The coordinates of the point are \((−\frac{\sqrt{3}}{2},−\frac{1}{2})\) on the unit circle.

Exercise \(\PageIndex{7}\):

Find the coordinates of the point on the unit circle at an angle of \(\frac{5π}{3}\).

**Solution**

\((\frac{1}{2},−\frac{\sqrt{3}}{2})\)

media

Access these online resources for additional instruction and practice with sine and cosine functions.

## Key Equations

Cosine | \( \cos t=x\) |

Sine | \( \sin t=y\) |

Pythagorean Identity | \( \cos ^2 t+ \sin ^2 t=1\) |

## Key Concepts

- Finding the function values for the sine and cosine begins with drawing a unit circle, which is centered at the origin and has a radius of 1 unit.
- Using the unit circle, the sine of an angle t t equals the
*y*-value of the endpoint on the unit circle of an arc of length t t whereas the cosine of an angle t t equals the*x*-value of the endpoint. See Example. - The sine and cosine values are most directly determined when the corresponding point on the unit circle falls on an axis. See Example.
- When the sine or cosine is known, we can use the Pythagorean Identity to find the other. The Pythagorean Identity is also useful for determining the sines and cosines of special angles. See Example.
- Calculators and graphing software are helpful for finding sines and cosines if the proper procedure for entering information is known. See Example.
- The domain of the sine and cosine functions is all real numbers.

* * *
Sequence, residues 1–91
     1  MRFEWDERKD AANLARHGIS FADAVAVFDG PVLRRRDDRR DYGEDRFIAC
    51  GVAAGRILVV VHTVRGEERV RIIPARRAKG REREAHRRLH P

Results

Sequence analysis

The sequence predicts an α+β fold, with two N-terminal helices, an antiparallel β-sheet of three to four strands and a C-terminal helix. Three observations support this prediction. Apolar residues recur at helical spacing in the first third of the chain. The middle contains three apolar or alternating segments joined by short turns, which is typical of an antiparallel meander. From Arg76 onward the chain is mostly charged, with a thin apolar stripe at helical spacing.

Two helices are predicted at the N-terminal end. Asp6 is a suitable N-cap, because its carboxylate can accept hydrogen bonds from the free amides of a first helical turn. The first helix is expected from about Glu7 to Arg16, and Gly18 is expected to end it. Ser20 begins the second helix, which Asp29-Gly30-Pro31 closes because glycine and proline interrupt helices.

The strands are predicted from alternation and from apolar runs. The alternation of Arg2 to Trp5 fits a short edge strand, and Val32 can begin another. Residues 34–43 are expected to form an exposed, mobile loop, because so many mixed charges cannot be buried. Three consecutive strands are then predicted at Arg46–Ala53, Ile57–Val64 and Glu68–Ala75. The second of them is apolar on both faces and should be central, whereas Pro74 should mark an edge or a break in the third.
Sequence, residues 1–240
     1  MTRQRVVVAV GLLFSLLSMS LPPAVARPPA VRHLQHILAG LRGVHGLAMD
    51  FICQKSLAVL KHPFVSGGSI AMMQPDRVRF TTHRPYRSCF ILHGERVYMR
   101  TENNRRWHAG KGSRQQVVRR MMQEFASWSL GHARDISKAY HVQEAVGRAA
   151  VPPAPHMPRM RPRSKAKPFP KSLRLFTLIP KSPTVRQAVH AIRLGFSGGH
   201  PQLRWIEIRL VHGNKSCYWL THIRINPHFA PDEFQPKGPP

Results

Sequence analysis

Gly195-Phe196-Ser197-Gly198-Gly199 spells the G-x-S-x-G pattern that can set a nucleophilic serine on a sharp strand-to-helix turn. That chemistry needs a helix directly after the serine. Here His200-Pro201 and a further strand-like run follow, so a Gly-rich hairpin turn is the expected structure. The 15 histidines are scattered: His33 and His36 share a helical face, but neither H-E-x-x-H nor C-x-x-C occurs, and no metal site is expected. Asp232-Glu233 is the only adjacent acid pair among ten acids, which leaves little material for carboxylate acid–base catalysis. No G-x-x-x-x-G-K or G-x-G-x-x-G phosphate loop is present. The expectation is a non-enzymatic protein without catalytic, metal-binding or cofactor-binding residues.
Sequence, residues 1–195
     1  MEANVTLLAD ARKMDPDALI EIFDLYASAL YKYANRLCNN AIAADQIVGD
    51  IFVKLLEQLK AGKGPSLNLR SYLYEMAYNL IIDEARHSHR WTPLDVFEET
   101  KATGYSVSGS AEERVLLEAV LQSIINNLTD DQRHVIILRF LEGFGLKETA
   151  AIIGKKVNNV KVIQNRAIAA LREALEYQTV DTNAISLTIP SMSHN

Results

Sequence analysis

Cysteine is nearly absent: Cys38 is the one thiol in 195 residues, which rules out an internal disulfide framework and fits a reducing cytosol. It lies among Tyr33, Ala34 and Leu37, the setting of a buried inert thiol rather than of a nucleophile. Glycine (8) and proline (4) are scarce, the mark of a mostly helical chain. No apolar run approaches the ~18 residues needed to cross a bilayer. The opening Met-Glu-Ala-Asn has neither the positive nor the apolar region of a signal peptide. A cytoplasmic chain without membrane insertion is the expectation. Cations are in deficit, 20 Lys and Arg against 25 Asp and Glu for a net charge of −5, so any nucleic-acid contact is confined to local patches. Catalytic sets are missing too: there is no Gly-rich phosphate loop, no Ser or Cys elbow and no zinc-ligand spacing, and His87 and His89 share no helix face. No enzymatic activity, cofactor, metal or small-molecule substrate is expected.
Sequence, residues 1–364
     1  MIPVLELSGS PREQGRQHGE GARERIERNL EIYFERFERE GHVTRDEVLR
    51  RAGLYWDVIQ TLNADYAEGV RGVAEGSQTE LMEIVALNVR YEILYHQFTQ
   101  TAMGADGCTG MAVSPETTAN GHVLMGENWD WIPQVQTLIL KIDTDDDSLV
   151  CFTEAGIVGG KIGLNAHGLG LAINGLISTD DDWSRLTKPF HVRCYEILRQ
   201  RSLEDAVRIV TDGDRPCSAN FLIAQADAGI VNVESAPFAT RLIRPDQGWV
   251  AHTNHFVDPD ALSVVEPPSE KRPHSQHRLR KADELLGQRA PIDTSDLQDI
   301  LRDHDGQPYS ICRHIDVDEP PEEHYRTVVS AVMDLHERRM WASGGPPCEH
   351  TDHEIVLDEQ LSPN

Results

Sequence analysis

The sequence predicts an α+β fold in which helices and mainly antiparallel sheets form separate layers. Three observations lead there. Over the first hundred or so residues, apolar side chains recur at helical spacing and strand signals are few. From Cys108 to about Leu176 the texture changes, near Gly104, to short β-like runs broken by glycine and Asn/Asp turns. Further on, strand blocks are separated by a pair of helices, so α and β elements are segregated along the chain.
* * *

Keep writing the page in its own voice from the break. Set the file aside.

- The range of both the sine and cosine functions is \([−1,1]\).
- The sine and cosine of an angle have the same absolute value as the sine and cosine of its reference angle.
- The signs of the sine and cosine are determined from the
*x*- and*y*-values in the quadrant of the original angle. - An angle’s reference angle is the size angle, \(t\), formed by the terminal side of the angle \(t\) and the horizontal axis. See Example.
- Reference angles can be used to find the sine and cosine of the original angle. See Example.
- Reference angles can also be used to find the coordinates of a point on a circle. See Example.

#### Contributors

Jay Abramson (Arizona State University) with contributing authors. Textbook content produced by OpenStax College is licensed under a Creative Commons Attribution License 4.0 license. Download for free at https://openstax.org/details/books/precalculus.

## Glossary

- cosine function
- the
*x*-value of the point on a unit circle corresponding to a given angle

- Pythagorean Identity
- a corollary of the Pythagorean Theorem stating that the square of the cosine of a given angle plus the square of the sine of that angle equals 1

- sine function
- the
*y*-value of the point on a unit circle corresponding to a given angle

- unit circle
- a circle with a center at \((0,0)\) and radius 1.